A note from the editor:

Preaching the Word of God is one of the greatest privileges entrusted to humanity. It is also one of the greatest responsibilities for pastors and elders. Choosing a preaching style is an essential aspect of sermon preparation.

In this series, Dr. Rex D. Edwards presents and analyzes three types of sermons: the biographical sermon, the textual sermon, and the topical sermon. In this issue, he deals with the textual sermon. This style is usually based on one relatively short portion of Scripture. In fact, as the name suggests, it usually concentrates on one Scripture “text.” It involves choosing an appropriate statement of Scripture, investigating it, analyzing it, and discovering all the truth it contains. Then the pastor or elder presents that truth in an orderly and progressive manner that is easy for the hearers to assimilate.

I hope you enjoy this series!

“A preacher is a professional plagiarist,” declares George E. Sweazey. “Those who come to hear him assume that the best of what he gives is not his own. A minister can preach only because he has been preached to from the Bible.”1

But what makes his preaching biblical? John Knox warned his students about the danger of preaching “a quite unbiblical sermon on a biblical text.” John Bright offers this useful definition: “the exposition of a biblical text . . . and the proclamation of that as normative for Christian faith and practice.”2 In other words, a biblical sermon is an ellipse around two foci of the Bible and a present need. A lecture about the Bible is not a biblical sermon. Biblical preaching must continue the redemptive act as the ancient word is made effective in the present situation. The timeless and the timely are the twin foci for all biblical preaching. Until the sermon links the past and the present, the sermon is incomplete. It is a Bible lesson, not a sermon. The ultimate test of biblical preaching is the answer to the question posed by James S. Stewart: “Did they, or did they not, meet God today?”3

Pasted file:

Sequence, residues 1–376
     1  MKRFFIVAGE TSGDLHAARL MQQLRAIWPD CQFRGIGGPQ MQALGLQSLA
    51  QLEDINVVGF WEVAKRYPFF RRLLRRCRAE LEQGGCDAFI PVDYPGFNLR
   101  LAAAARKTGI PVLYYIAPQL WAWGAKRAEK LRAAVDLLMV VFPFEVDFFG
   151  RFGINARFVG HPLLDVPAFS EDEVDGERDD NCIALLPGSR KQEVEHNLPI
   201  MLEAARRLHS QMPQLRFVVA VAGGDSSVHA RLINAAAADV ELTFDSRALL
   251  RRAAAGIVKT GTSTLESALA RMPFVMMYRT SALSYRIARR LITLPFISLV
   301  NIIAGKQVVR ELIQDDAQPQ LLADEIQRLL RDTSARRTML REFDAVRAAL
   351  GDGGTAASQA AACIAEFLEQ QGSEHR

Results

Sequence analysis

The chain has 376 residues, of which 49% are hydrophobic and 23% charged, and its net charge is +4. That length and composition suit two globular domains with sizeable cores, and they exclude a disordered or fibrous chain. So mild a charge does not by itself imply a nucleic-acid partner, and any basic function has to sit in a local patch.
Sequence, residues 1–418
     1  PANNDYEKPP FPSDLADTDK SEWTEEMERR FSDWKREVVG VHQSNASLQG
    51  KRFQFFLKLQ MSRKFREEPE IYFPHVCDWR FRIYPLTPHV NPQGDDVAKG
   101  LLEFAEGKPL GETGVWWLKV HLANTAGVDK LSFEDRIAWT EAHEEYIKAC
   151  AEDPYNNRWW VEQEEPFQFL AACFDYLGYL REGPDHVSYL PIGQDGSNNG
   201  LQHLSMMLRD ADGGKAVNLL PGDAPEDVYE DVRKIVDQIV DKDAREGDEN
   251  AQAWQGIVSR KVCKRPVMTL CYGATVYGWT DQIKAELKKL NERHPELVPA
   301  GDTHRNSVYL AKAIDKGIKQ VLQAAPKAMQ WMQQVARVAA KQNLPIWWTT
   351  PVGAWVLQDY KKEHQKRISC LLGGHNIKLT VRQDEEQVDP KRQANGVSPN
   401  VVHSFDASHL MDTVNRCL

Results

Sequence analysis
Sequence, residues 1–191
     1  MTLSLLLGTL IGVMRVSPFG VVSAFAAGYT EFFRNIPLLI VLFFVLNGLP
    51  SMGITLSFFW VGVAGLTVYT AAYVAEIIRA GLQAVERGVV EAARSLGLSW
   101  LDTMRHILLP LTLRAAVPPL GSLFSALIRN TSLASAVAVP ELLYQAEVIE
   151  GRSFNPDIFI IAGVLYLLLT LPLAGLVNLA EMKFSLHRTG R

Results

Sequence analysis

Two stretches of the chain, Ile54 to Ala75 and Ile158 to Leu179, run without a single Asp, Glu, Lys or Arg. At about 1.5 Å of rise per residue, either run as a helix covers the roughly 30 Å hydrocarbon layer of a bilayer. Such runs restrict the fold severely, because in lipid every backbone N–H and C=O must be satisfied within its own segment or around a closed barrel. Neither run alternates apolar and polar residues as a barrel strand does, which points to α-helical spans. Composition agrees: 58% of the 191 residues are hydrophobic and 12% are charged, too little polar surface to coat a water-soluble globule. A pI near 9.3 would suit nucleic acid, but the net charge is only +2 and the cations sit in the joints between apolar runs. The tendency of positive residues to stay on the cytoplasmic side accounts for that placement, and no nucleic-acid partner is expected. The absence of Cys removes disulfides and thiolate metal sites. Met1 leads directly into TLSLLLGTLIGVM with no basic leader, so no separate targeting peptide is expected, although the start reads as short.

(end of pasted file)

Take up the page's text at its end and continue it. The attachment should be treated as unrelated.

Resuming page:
J. Daniel Bauman defines it this way: “The textual sermon is based on a verse or two from the Bible. The main theme and major sermon divisions come from the text. The thought of the sermon must always be consonant with the text.”4 The divisions of a textual sermon may be based upon a clause, a phrase, leading words, or suggested by something in the text.

For example, suppose Ezra 7:10 is selected as the basis of a textual sermon. The text reads: “For Ezra had set his heart to study the law of the Lord and to practice it, and teach His statutes and ordinances in Israel.” (NASB) The verse centers around Ezra’s purpose of heart from which three main divisions are suggested:

1. A heart that was set on knowing the word of God: “Ezra had set his heart to study the law of the Lord.”

2. A heart that was set on obedience to the word of God: “and to practice it.”

3. A heart that was set on teaching the word of God: “and to teach His statutes and ordinances in Israel.”

Note that each main division, according to the above definition, is now used as a line of suggestion. They indicate what the preacher is to say about the text.


But how is a biblical sermon developed? Whether the sermon pattern is biographical, textual, or topical, James T. Cleland suggests that there are three stages in developing a biblical sermon. Stage 1 is investigation or exegesis of the Word of God, which deals with the “then.” Stage 2 is interpretation or exposition of the good news at the heart of the message, which deals with the “always.” Stage 3 is the application of the eternal good news to the contemporary situation, which deals with the “now.”5 Adhering to this threefold process assures the preacher that the listener will understand the Scriptural reference better after they know its connection with their lives.

Let me now suggest four principles that will guide in the preparation of a textual sermon.